“If you should ever doubt that a series of dry words in a government document can shatter spirits and demolish lives, let this book erase that doubt. Conversely, if you should be of the conviction that we are powerless to change those dry words, let this book give you heart.”
Last week I read Louise Erdrich’s newest novel The Night Watchman, which draws from the true story of her grandfather’s role in saving the Chippewa Turtle Mountain nation from becoming dispossessed in the 1950s. (“Emancipated” in the words of Congress, though in truth what was being emancipated was the U.S. government from its responsibilities to those whose land had been stolen.)
The Last Report on the Miracles at Little No Horse remains my favorite Erdrich novel, but The Night Watchman is running a very close second. There is so much to love about this book, first and foremost Erdrich’s writing, which is always indescribably good. But the history was also riveting, especially at a time when so many in the U.S. are fighting like hell to retain fantastical images some kind of golden age where everybody was happy no matter what their social status or lack of freedom. I didn’t know about the 1950s movement to terminate all reservations and dispossess Native citizens of what little land they’d already been limited to—which, as Erdrich says in an endnote, Congress succeeded in doing to over 100 nations, although her grandfather’s efforts managed to keep the Chippewa Turtle Mountain nation from becoming one of them.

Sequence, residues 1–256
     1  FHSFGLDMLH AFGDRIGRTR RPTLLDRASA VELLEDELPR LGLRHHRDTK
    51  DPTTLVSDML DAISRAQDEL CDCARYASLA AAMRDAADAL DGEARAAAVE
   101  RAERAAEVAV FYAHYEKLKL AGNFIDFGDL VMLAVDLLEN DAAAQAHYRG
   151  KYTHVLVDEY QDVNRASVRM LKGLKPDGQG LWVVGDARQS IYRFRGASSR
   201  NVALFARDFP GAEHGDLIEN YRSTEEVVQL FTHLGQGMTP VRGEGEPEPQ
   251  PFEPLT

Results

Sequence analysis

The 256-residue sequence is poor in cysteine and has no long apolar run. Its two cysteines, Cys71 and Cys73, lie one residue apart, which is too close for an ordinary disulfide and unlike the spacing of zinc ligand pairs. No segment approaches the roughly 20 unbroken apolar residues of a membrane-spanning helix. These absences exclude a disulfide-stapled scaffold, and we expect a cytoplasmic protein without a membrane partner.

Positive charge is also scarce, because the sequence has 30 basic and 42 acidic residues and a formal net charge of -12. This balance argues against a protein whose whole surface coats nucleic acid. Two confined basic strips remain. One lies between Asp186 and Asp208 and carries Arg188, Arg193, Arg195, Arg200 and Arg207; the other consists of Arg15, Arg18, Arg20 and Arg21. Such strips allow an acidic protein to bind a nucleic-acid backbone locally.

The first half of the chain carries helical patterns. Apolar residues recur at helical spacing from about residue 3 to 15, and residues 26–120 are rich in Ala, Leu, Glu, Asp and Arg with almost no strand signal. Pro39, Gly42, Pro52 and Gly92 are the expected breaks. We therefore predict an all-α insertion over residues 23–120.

The quote above isn’t from the novel; it’s from a kind of endnote from Erdrich, and a good lesson to walk with for a time, especially now.